What is An SSL Certificate?
At pair Networks, we are often asked, “what is an SSL Certificate and why do I need one?” An SSL, or Secure Socket Layer, Certificate encrypts information moving between your web server and internet browser. You can think of it like this –
Imagine you are back in high school (scary!) and you want to pass a note to your friend, Sam, who is seated on the other side of the classroom. Normally the other kids in the class will keep passing your note along until it reaches Sam.
But this day your teacher notices your note passing between the other students and grabs it before it can reach Sam. You are then made to read your embarrassing note about how Susie Q is kind of cute out loud to the entire class (ouch!).
How do you prevent this from happening? You put the note in a lockbox and give your friend Sam the key before class. While your message is passing between students to your friend, there is no way anyone (including your teacher) who intercepts the note will be able to read the information inside. An SSL Certificate works in much the same way, only it locks the information coming from your web browser and gives the web server the key.
Activating an SSL Certificate on your website can help your visitors have a safe and secure web environment. These certificates can play a vital role in protecting you and your customers’ sensitive information online.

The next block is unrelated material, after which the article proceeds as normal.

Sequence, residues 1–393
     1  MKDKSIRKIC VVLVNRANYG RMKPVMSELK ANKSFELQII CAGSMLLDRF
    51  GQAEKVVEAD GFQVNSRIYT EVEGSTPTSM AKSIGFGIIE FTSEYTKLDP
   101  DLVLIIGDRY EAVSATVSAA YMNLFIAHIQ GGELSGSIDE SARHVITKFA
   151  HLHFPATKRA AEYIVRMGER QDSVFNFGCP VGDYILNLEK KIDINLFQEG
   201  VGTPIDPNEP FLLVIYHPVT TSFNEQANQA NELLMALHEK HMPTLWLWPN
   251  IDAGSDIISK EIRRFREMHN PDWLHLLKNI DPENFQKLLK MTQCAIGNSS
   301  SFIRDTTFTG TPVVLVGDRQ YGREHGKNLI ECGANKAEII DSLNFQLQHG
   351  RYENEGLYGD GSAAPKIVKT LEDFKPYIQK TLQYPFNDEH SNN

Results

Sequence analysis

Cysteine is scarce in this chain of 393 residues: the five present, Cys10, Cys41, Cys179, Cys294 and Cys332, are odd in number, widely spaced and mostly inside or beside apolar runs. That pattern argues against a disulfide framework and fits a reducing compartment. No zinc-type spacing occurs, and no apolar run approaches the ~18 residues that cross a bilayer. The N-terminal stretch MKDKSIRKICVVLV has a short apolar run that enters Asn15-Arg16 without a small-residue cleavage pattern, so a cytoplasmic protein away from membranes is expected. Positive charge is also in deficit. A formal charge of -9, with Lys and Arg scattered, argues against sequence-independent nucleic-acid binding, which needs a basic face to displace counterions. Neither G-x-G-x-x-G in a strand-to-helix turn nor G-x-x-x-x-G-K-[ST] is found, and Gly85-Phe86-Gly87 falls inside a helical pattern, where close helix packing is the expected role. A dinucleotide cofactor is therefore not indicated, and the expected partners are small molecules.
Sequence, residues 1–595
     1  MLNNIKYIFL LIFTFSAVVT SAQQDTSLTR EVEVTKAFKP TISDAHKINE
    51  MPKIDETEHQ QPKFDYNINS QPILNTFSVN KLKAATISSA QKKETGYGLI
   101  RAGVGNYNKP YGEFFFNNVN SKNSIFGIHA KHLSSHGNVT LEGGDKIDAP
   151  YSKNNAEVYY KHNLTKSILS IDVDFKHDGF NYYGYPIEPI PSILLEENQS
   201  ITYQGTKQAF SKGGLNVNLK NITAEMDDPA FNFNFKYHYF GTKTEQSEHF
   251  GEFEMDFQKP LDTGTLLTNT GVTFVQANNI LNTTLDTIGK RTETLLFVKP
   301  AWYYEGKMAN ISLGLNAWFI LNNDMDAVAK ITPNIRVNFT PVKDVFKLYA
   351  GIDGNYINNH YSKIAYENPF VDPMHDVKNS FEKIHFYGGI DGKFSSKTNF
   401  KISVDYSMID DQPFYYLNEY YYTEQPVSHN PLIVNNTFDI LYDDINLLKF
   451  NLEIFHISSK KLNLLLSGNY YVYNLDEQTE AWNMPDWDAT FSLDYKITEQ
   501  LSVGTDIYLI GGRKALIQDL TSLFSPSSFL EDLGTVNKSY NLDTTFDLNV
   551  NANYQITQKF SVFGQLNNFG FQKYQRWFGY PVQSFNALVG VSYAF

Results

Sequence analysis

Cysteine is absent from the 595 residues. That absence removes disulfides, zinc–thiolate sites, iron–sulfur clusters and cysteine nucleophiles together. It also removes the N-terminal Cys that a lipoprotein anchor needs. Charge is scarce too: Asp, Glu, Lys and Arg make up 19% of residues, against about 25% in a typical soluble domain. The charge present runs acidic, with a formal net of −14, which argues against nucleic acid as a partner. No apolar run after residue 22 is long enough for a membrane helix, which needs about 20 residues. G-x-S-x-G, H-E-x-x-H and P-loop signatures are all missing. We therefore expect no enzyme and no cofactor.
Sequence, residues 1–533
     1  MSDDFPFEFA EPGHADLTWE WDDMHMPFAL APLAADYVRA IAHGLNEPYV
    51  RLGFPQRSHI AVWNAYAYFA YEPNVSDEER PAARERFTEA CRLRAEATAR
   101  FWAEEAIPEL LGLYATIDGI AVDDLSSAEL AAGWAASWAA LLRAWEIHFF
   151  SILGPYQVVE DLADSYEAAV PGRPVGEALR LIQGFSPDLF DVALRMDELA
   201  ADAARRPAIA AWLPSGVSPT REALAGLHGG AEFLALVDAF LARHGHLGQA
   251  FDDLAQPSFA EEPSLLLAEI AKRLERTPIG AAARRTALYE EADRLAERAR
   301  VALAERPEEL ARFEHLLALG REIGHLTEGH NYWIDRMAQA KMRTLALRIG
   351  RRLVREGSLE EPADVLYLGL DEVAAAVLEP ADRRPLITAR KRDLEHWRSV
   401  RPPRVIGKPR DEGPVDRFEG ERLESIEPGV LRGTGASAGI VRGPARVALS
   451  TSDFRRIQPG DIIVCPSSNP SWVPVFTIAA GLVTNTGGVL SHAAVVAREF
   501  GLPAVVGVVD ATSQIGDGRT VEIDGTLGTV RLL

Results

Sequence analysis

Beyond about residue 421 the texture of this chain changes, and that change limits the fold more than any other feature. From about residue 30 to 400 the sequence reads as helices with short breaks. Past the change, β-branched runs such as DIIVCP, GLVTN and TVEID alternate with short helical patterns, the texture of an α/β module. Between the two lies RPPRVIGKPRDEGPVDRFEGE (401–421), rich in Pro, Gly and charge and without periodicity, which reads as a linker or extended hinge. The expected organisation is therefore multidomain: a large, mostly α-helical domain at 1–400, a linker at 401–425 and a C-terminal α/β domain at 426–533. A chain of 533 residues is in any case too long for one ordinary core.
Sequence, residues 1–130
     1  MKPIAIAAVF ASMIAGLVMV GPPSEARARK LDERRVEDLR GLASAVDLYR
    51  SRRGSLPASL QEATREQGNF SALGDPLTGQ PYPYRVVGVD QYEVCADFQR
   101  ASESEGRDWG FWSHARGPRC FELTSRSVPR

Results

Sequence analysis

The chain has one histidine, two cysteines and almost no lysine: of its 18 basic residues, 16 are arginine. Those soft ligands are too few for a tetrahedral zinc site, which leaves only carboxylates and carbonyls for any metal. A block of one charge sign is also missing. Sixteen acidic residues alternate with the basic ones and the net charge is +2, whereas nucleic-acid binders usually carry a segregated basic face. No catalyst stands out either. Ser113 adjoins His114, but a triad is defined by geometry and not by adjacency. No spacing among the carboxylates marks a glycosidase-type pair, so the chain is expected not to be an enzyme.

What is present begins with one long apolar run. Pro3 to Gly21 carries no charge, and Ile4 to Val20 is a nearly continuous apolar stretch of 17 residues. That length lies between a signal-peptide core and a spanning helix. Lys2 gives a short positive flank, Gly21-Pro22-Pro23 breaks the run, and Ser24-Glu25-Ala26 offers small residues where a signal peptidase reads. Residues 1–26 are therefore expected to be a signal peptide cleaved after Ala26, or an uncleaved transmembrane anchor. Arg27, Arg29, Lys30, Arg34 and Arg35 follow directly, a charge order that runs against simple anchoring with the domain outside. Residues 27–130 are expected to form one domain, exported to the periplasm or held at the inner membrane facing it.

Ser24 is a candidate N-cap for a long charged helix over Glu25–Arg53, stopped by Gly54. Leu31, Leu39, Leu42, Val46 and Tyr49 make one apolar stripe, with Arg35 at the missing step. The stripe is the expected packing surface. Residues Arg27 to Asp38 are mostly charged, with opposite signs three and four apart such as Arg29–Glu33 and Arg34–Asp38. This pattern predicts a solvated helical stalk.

Who should purchase SSL Certificates?
1. An SSL Certificate is absolutely necessary if your visitors are entering billing or other sensitive personal information through your site.
2. Sites with an active SSL Certificate also may receive more favorable rankings in Google’s sorting algorithms. If SEO is a high priority, you may want to consider purchasing an entry-level SSL Certificate for this purpose.
When you need to use a website to make a purchase or provide sensitive information, there are two big things to consider. First is your connection from your computer to the company’s computer. If you purchase an item, your name, billing, and shipping information are sent from one to the other. This
connection needs to be secure. Much like your “high school note” you do not want someone to intercept the message and obtain your sensitive billing information.
Activating an SSL Certificate has two effects on your site:
1. The HTTP address on your internet browser turns into HTTPS, as in https://www.yoursite.com. The S is for secure. A padlock icon will also appear on the browser if your site does not contain any insecure content.
2. New web browsers will also display color if the website is trustworthy. Organizations that depend on security, can also have their sites review and validated by licensed unbiased companies called certificate authorities. These rigorous reviews ensure the website is trustworthy and using a secure connection. The site is then issued an EVSSL certificate [link here]. Only sites with these certificates display color in address bar – including the company name, along with the address.
This review process means criminals shouldn’t be able to obtain the certificate that’s required to display the colorful information. So when customers see a site with green information n the address bar; they can browse with more confidence.
If you’re worried that a site may be insecure, look for the there signs of an SSL certificate:
1. The S in the HTTP(s) address
2. The padlock on the browser
If you’re worried that a site might be a phishing scam, look for the green color in the address bar!
Although these signs help show whether a site is secure, it’s still important to exercise caution and watch out for fraudulent certificates and other scams.